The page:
A general decline swept across all Gulf markets today except Kuwait, which rose slightly in the last few minutes of trading by 0.16%. The rise in Kuwait came despite many leading firms announcing a decline in their H1 profits, including Zain, Kamco and Kuwait Properties.
Muscat was the biggest loser today, with a 3.2% decline, its biggest drop in six months. This despite record profits from Gulfar and Resot. Muscat Bank also announced that H1 profits jumped by 48.7%.
Profit taking pushed the Dubai Financial Market (DFM) down by 0.50% and the Abu Dhabi Securities Exchange (ADX) by 0.01%. In Saudi Arabia, the Tadawul dropped by 0.088%, while Bahrain fell 0.071% and Doha by 0.21%.
Analysts were expecting Gulf markets to show excellent results this week after remarkable H1 results from listed firms. Leading firms such as Dubai Islamic Bank, Arabtec, First Gulf Bank, National Bank of Abu Dhabi, Gulfar and many others have already announced rising profits.
Dubai: Profit taking wave
As expected by many analysts, the DFM witnessed a profit taking wave today following its excellent performance on Wednesday, forcing the market to decline today.
Arabtec, unexpectedly, fell sharply by 3.3% to Dhs19 after jumping at the start of the session to Dhs19.90, following its rise in H1 profits by 141%.
DIB's share rose slightly by 1%, after Dhs1.3bn H1 profits - up 46% compared to last year. Analysts believe that DIB's profits were down to the IPO of its affiliate Deyar.
Gulf Holding's share closed unchanged today, after rising at the beginning of the session, following a 95% rise in H1 profits. Emaar dropped by 0.94% and DFM by 0.84%.
The ADX fell slightly today amid low trading, valued below Dhs500m. And strong results from NBAD, which rose more than 40%, failed to push the index up.
Tadawul: Index fails to stay above 9,000 points
The Saudi market tried hard to stay above 9,000 points, but failed to do so after pressure from all leading sectors, especially petrochemicals, banks and telecoms, which kept fluctuating during the session.
The banking sector saw a general decline, except Saudi Hollandi Bank, which rose by 0.41%, while Sabic dropped by 2.5% despite a positive assessment of its share.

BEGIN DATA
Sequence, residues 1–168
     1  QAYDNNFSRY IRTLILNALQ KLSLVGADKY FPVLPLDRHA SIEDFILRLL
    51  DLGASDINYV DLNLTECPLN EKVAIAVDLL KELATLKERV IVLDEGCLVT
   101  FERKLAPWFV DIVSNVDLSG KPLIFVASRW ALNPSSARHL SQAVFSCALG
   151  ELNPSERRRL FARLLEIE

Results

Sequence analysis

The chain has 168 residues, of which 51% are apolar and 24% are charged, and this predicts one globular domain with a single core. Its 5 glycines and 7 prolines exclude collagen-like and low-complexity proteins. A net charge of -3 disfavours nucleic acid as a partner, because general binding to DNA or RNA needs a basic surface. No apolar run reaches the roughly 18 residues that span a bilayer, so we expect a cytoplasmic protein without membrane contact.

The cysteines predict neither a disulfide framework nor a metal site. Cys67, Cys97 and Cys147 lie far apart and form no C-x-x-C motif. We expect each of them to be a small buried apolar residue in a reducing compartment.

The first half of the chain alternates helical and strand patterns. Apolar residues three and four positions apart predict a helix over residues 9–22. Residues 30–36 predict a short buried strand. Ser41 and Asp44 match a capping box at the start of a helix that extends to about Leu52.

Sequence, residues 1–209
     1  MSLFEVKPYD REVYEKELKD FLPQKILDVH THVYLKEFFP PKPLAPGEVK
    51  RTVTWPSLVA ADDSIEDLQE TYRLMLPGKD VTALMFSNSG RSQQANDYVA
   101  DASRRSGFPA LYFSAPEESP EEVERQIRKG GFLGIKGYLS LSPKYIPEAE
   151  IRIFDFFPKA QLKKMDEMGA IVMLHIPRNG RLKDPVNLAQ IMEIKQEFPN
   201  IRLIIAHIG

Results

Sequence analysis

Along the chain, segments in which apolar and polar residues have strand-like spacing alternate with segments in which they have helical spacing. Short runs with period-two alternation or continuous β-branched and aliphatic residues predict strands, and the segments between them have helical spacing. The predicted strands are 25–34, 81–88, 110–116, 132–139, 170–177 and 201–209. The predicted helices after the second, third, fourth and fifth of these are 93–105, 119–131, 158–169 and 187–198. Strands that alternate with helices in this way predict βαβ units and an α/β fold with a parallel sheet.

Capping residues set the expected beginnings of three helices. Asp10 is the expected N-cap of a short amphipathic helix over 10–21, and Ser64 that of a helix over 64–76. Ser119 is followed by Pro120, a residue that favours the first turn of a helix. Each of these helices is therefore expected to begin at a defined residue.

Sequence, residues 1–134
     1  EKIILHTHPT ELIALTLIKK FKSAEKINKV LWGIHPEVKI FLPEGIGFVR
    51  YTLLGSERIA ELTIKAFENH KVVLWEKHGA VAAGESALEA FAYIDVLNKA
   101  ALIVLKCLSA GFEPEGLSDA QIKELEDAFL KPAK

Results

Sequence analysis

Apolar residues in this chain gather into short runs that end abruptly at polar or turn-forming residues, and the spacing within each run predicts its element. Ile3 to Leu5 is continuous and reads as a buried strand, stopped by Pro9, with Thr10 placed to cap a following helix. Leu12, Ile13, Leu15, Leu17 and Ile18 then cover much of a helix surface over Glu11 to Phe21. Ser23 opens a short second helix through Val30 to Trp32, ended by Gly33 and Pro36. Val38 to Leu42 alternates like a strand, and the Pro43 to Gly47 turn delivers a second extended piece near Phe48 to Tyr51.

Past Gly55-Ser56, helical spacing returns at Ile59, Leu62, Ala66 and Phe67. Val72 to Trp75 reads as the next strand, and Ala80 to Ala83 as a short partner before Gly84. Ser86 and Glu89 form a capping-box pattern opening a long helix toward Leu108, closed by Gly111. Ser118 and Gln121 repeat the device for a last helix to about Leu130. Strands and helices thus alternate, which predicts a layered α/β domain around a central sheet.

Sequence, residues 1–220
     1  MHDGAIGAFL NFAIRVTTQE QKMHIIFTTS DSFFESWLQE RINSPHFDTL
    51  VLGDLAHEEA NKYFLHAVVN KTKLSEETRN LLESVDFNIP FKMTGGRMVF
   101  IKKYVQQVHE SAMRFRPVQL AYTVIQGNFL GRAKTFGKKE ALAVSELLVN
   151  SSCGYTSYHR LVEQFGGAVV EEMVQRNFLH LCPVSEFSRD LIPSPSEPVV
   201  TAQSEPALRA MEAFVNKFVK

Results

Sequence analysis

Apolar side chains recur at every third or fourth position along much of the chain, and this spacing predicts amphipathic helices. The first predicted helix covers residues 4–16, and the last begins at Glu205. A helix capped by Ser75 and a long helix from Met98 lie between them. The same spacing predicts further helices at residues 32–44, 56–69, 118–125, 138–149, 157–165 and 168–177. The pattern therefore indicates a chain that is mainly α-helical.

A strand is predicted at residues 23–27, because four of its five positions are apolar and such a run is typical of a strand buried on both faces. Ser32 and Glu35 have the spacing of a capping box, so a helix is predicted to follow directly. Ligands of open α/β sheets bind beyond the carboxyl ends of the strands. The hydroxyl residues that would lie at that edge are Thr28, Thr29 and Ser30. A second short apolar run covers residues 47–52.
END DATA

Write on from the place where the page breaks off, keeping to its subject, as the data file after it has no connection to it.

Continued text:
The telecom sector, which pushed the index up yesterday, fell today, with Zain down 2% and Mobily 2.4%, while STC kept its upward trend rising by 0.35% to SR70.
Al Masafi rose by its maximum limit of 10%, while Namaa rose by 4.5% after both companies announced that they will raise their capital.
Kuwait: Sharp decline in H1 profits for leading shares
The Kuwait Stock Exchange rose today, despite a decline in profits for some leading firms.
Zain Telecom fell by 2.5%, after its H1 profits fell by 1% to KD147.9m compared to KD148.9, last year. Kuwait Properties also fell, by 1.1% after the company's H1 profits fell by 46.7% to KD8.1m. Kamco's share also fell by 1.2%, after its H1 profits dropped by 59%.
Biggest decline in Muscat
The Muscat market had one of its worst declines today, down 3.2%, its biggest drop May.
Thirty-two of the 34 traded shares fell. Only Oman Diaries and Dhofar International rose, by 2.7% and 0.25% respectively.
The decline in the Muscat index came amid strong profits from listed firms. Gulfar Engineering dropped almost 10%, despite a 34.7% increase in H1 profits. Muscat Bank fell 2.8%, despite its H1 profits rising by 48.7% to OR57.8m. Omantel, the market's second biggest share, fell by 3.5%.
Analysts believe that the decline in Omani market is unjustified as it comes amid strong H1 profits by listed firms.
Doha declines despite rising profits
The Doha market declined 1.1% today, despite strong H1 results. Trading value remained below QR500m at QR432m on a volume of 10 million shares. This included 4.7 million for Naqilat, Al Rayyan and Al Salam, which rose slightly in today's trading.
Al Salam's share rose by 1.6%, following a 90.3% rise in H1 profits to QR97.8m.
Islamic Securities Market's share made strong rise by 6.6%, after a remarkable 557% rise in H1 profits.
Three shares push Bahraini market down
Bahrain's market fell amid a sharp decline in trading value and volume, with only 1.1m shares traded, valued at BD0.6m.
The three shares which led the decline were Investcorp, down 6.9% following a 50% decline in its H1 profits, Batelco (down 4.8%) and Ithmaar by 2.7%.